Hot on the heels of 100 Maori and Pacific artists visiting Guam for the 12th Festival of Pacific Arts, Salisbury - in the south of England - is the next destination for a contingent of New Zealand artists.

This year's 16-day Ageas Salisbury International Arts Festival focuses on NZ and includes comedy, dance, kapa haka, theatre, literature, music and visual art. It ties in with a four-year plan by the festival to use the arts to explore the cardinal points of the compass.

Festival director Toby Smith said it was an opportunity to look more closely at NZ, describing it as "a distant land defined by Maori culture and its fusion with European and contemporary Pacific Island traditions".

The invitation followed the 2014 NZ season at the Edinburgh Festivals, when Creative New Zealand spent around $780,000 to take 200 visual and performing artists to the world's largest cultural event.


Those invited include the NZ String Quartet, the bass baritone Jonathan Lemalu and the violinist Benjamin Baker.

It was the first time such a large group from a single country was invited and Mr Smith saw our art works and performances there. He then visited NZ through CNZ's international visitors programme Te Manu Ka Tau.

The Ageas festival opened with a Whakatuwhera at the Salisbury Cathedral Close featuring UK-based kapa haka group Ngati Ranana. The programme, which continues for another 10 days, also includes a NZ film festival screening Whale Rider, An Angel at my Table, Boy, The Dark Horse, In My Father's Den, Abandoned, The Lord of the Rings Trilogy, River Queen, Eagle vs Shark and The Piano.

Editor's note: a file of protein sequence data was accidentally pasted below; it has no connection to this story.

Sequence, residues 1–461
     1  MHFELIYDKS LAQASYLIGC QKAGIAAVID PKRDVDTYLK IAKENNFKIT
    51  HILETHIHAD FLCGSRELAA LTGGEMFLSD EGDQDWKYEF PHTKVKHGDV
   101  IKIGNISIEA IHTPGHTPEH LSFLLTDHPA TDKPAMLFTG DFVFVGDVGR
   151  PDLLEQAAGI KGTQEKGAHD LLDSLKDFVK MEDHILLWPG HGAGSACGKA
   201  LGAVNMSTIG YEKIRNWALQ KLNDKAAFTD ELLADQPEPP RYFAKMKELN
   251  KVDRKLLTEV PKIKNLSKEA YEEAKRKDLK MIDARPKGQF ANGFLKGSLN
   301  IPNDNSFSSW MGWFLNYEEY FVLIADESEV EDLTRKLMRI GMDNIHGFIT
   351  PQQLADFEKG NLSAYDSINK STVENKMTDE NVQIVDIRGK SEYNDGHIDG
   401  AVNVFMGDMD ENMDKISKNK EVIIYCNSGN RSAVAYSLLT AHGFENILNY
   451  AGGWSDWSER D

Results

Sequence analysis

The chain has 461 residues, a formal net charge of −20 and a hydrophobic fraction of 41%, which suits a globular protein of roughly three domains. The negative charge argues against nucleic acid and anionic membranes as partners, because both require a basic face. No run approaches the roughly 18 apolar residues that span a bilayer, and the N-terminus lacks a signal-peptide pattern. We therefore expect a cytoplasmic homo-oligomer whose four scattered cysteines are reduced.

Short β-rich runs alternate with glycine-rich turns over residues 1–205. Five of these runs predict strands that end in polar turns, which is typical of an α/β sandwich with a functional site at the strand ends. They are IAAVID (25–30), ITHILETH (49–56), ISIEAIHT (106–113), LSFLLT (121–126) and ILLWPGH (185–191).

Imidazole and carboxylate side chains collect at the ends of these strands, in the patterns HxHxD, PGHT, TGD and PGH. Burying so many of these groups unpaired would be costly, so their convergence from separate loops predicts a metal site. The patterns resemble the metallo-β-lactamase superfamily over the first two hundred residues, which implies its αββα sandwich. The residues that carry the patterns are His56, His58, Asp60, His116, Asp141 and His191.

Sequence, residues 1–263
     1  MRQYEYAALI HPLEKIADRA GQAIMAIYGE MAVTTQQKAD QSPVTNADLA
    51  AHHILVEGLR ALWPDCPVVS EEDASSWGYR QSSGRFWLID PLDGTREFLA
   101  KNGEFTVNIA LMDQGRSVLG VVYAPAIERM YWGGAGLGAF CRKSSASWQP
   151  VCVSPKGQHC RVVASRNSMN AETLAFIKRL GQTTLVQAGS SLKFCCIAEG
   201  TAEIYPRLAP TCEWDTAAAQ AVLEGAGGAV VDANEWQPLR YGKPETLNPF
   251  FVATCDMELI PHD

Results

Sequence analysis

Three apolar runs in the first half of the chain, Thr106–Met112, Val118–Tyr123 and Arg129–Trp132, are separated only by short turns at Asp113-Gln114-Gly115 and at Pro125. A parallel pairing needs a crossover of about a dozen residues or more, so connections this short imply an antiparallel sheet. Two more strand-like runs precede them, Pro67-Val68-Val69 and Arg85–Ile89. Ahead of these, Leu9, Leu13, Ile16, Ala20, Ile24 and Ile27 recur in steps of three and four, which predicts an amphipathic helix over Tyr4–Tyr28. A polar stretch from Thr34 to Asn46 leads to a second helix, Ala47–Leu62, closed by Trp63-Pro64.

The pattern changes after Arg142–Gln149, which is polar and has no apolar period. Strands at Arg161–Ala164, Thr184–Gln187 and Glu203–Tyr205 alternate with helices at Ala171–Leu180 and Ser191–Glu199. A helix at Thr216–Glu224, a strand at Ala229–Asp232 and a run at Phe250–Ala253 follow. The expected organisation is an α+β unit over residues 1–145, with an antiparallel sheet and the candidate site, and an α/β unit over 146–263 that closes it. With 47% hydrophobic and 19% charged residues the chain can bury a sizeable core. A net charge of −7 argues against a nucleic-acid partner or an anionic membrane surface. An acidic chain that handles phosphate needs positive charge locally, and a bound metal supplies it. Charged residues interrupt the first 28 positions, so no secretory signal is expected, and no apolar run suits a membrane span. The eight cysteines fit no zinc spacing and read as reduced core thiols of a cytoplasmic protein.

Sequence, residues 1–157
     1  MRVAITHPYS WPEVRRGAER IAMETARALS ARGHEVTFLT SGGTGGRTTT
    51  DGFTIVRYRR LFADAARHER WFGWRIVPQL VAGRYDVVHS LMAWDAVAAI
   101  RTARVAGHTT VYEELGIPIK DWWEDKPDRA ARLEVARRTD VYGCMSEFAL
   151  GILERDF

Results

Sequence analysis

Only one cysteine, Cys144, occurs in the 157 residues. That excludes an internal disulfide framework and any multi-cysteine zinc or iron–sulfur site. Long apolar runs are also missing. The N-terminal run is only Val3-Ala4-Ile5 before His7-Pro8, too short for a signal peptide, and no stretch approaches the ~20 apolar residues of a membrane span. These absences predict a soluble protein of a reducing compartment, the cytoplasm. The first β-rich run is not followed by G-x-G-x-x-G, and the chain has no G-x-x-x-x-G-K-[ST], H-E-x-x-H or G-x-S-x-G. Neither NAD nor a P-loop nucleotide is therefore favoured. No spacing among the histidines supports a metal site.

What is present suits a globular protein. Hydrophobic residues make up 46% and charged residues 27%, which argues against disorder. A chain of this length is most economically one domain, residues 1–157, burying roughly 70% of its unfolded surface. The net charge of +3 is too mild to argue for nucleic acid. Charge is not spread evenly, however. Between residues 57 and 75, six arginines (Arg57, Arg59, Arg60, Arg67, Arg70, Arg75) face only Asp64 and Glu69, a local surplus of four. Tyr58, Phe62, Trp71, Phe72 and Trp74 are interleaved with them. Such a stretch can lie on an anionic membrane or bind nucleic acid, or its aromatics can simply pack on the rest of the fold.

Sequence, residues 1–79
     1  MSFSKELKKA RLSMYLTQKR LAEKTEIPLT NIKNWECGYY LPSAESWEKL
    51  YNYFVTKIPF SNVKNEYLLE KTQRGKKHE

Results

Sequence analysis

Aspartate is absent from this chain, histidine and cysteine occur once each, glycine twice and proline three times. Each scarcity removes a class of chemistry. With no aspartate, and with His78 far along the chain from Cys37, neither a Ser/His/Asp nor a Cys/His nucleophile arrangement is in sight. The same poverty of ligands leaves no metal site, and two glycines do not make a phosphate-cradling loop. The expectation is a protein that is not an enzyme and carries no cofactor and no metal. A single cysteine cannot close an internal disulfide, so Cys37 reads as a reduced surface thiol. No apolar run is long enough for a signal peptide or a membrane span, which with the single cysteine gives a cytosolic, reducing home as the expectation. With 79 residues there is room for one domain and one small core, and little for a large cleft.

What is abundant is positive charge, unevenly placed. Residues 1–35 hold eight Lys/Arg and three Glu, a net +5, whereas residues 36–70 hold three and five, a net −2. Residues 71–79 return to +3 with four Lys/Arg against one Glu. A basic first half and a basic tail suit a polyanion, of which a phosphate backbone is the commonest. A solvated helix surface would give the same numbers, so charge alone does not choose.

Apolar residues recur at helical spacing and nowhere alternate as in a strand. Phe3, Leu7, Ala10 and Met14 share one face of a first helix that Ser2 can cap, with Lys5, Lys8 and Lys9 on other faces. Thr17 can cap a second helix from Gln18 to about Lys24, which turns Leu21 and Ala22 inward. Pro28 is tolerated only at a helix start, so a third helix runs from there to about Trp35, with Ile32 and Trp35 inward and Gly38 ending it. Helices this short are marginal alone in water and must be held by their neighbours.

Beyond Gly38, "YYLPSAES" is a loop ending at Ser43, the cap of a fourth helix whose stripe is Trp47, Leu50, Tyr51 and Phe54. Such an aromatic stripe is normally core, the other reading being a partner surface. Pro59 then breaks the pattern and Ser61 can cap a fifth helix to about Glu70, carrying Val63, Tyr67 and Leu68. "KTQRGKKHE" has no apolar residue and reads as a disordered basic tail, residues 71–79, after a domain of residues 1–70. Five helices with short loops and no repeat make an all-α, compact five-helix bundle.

CNZ senior manager for international Cath Cardiff says it shows the ongoing benefits for NZ and our artists from the original investment in the NZ at Edinburgh season. Ms Cardiff says such international exchanges can create on-going opportunities for artists and fuel the development of new work.

It means New Zealanders get to see a greater range of more varied work, both from local performers and international companies who may be inspired to visit.

"I really don't think we grasp the importance of these types of international engagement," she says. "The benefits are incalculable."

CNZ contributed $90,336 to flights and freight for some New Zealand-based artists to get to Salisbury while others received support through further funding programmes. CNZ will host a group of UK presenters at performances to continue to develop relationships and touring networks.

Ms Cardiff says following the NZ at Edinburgh season, several individuals and companies were booked to tour and perform around the world. They included dance company Java Dance, the band The Troubles and Little Dog Barking theatre company.

Royale Productions was perhaps the highest profile, developing its Generation of Z zombie-apocalypse interactive theatre show for a London season where 70,000 tickets were sold to 200 performances.